Providing adult caregivers with alternatives to placing a child in a cart while they shop can effectively prevent shopping cart–related injuries. Some stores provide supervised play areas for children. Parents may be able to arrange for another adult to accompany them and watch the child during a shopping trip. Other parents may be able to transport a young child in a stroller, wagon, frontpack, or backpack. An older child can be asked to walk. Some parents may be able to leave their child at home with an adult while they shop, but this is not an option for many others. Some stores offer shopping via the Internet with or without home delivery.
Many carts now also include warnings to not put an infant in an infant seat on the cart. Even if the cart includes a rest for a car seat it still isn’t recommended to do this because it can cause the cart to be too top heavy and tip or the seat to tip out, especially if a parent forgets to buckle the seat in to the cradle.
Car seat manufacturers also caution against this use of car seats. It’s in your manual. If you don’t read other instruction manuals do read your car seat manual! Your baby’s life could depend on it since a car seat is a potential life saving device in a car accident. Read the manual!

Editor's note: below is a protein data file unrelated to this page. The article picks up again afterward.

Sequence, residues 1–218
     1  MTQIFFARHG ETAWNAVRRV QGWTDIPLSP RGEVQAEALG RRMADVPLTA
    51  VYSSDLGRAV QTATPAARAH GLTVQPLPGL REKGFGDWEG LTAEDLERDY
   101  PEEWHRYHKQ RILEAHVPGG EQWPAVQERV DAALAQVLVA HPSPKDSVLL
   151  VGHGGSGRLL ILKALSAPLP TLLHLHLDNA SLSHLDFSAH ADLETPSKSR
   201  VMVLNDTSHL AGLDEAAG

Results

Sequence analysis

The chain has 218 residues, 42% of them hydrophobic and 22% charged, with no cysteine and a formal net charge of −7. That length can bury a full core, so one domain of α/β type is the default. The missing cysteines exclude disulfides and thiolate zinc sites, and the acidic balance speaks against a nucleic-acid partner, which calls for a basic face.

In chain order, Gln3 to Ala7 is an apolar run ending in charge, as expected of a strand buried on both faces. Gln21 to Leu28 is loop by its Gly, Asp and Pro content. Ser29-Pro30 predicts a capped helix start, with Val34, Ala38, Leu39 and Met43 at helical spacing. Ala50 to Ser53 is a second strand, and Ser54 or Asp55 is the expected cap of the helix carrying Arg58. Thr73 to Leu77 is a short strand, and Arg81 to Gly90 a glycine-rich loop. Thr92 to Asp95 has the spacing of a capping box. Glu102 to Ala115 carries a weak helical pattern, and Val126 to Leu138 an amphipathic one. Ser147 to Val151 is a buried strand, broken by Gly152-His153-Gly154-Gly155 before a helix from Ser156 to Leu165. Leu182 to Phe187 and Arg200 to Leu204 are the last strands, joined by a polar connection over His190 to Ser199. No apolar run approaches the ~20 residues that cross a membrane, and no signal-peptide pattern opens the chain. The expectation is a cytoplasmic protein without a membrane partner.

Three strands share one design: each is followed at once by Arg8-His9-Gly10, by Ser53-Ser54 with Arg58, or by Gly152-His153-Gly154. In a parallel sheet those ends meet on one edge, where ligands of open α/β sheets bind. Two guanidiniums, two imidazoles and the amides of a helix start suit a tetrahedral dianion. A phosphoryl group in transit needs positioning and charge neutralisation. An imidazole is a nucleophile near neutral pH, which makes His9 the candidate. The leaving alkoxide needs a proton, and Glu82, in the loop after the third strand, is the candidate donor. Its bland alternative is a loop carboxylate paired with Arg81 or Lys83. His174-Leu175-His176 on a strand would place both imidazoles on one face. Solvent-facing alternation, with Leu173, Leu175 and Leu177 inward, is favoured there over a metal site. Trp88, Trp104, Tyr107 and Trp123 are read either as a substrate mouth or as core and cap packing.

I suggest that parents have a soft baby carrier that they can put baby in while grocery shopping if there isn’t a built in infant seat in the car seat (but again, these can cause the cart to become top heavy so use with extreme caution and always buckle baby in!). For more information on types of carriers and carriers that are good for different stages please check back to earlier blog posts. When baby is old enough to sit alone it’s safe to put baby in the toddler portion of the cart (about 6-8 months). Until then, consider wearing your baby at the store.
For more information please see:
What is your favorite carrier to use while at the store?